Going to Chipata, Zambia never fails to inspire me. The Kubiks arrived on Monday then on Wednesday we drove to Chipata so the Kubiks could meet the brethren and see the new church building.
Before the Kubiks arrived we went to the Zambian high consulate to find out how we could get multiple entry tourist visas. The woman in the embassy told us that they don’t do the visas at the embassy but rather only at the border. Last time we went, the border patrol told us they couldn’t give us the visas, only the embassy could. Eventually we found out that American citizens are eligible for a 3 year multiple entry visa that costs $80. However, you must apply online. We went home and intended to do that but came across problems when we needed to upload our return flight information to complete the application—we were planning on driving, not flying. Then we found that you can get single day visas for only $20. Since we were planning on only going for one day we decided to do that. We couldn’t get those visas online, only at the border. On Thursday when we got to the border we learned that they only issue $20 single day visas between the Zimbabwean and Zambian border—not the Malawian and Zambian border. We could, however, get a single day visa for $50 each. Grr. We had to keep reminding ourselves “it is what it is” because at the end of the day, regardless of what the embassy or immigration website say, the border patrol is always right and the guard with the machine gun will always win.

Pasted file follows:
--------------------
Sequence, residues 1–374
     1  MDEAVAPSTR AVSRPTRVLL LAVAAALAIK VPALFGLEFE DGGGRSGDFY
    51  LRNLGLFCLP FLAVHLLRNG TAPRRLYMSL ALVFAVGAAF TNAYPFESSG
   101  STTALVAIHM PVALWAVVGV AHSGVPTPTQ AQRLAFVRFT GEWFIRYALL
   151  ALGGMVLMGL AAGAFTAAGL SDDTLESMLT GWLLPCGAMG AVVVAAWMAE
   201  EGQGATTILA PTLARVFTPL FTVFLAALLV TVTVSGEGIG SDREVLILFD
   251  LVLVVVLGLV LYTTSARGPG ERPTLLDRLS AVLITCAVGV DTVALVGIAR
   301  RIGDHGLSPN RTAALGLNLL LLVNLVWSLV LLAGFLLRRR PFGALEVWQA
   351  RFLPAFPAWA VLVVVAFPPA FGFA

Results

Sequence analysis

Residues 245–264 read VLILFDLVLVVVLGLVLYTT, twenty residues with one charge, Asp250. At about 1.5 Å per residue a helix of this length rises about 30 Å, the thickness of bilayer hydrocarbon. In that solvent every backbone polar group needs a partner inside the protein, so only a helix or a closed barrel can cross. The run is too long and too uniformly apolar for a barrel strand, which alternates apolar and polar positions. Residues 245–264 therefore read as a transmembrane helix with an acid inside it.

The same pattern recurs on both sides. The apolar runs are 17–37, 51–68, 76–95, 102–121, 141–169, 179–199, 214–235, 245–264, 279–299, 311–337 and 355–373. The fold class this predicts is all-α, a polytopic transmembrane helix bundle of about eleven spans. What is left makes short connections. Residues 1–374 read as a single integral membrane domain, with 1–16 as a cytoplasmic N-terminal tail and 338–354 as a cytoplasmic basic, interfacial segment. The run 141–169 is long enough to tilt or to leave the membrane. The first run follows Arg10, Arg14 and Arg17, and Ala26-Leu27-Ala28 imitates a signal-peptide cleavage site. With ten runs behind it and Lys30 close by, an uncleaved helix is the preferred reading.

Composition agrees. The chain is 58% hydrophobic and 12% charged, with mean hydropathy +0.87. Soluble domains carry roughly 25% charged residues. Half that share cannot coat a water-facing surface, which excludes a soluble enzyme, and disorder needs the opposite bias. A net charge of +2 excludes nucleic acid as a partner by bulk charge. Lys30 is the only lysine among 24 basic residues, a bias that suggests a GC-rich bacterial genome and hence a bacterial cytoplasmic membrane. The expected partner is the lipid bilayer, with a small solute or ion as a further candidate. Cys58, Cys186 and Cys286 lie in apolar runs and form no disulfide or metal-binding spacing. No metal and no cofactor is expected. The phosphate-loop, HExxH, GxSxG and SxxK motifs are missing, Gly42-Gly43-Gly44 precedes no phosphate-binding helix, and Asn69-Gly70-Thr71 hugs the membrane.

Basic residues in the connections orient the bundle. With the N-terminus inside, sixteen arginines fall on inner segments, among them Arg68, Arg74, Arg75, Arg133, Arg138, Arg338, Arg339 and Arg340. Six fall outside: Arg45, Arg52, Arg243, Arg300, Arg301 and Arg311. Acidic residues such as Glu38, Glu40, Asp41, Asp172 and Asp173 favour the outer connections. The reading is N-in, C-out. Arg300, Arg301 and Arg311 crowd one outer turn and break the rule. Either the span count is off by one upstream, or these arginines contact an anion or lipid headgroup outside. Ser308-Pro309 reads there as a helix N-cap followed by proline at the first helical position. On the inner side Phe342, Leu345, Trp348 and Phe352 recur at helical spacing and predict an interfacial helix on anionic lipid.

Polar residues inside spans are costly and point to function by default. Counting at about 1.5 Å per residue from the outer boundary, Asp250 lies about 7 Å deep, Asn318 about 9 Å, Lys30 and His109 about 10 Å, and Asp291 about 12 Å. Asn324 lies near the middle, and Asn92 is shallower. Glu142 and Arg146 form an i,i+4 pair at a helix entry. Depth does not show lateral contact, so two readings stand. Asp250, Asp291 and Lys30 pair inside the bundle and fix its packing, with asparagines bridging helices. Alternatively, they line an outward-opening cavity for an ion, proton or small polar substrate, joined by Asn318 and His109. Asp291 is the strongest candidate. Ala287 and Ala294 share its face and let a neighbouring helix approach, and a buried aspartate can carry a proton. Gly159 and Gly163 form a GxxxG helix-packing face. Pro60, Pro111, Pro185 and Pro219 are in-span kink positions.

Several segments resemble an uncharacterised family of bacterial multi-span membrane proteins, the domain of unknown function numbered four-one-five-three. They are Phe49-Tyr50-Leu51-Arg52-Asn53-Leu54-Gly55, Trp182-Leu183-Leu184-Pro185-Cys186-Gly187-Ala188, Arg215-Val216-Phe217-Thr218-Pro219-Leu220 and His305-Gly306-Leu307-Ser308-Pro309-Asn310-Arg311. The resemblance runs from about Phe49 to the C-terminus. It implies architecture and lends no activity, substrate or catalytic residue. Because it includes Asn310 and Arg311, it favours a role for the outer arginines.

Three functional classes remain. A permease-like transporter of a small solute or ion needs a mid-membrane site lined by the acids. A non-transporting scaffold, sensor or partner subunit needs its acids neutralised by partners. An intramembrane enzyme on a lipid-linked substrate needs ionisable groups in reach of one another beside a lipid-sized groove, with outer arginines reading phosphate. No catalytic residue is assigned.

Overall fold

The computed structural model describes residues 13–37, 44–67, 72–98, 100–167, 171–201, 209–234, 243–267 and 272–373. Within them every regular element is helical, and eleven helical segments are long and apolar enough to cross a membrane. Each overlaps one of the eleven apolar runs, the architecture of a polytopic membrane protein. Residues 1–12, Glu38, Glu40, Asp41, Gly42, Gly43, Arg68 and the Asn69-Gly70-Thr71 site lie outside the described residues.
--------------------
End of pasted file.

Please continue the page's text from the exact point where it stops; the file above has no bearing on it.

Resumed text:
Chipata, as usual, was fantastic. I love going there. Filius enjoyed sharing with Mrs. Kubik, the president of Lifenets, how much Lifenets has helped the members there. There’s one woman in the congregation who is a widow and takes care of orphans whose parents had died from AIDS. The past few years there was a bad drought and food shortage so Lifenets sent money for food to the Zambian people. Filius didn’t use the money to buy food but to instead buy seed and soil, and then he distributed the seed and soil to members who were in need. Because of this, the woman who is caring after homeless children has enough food to feed herself and children for the rest of the year. Mr. Filius is such a huge inspiration to me. He loves his people so much and is so humble.
The Chipata church hall has been updated since we were last there—new curtains, the stage was painted, and the signs were put up. The hall is far out of town and surrounded by members’ maize fields giving it a beautiful and peaceful atmosphere. After the talks, we had a tour through some of the fields, to the hand dug well (these hand dug wells terrify me), and then lunch! It really was such a great time.
We got back home with our hearts filled to the brim. Our God is so great. I was continually reminded of the parable with the servants who were given talents. When their master returned and saw the ones who multiplied their talents he gave them even more to rule over. Mr. Filius started a radio program with an amazing heart, and through that he preached the gospel and God called many people. Then there was a food shortage and the congregation was blessed with money for food but Filius saw that the food was a temporary solution that would last for only a few months so he decided to create a sustainable solution and helped members grow maize. When we were in Chipata he asked Lifenets for support. Not financial support, but for spiritual and moral support. Visiting that congregation always leaves my heart full and inspired.
Mrs. Kubik talking about Lifenets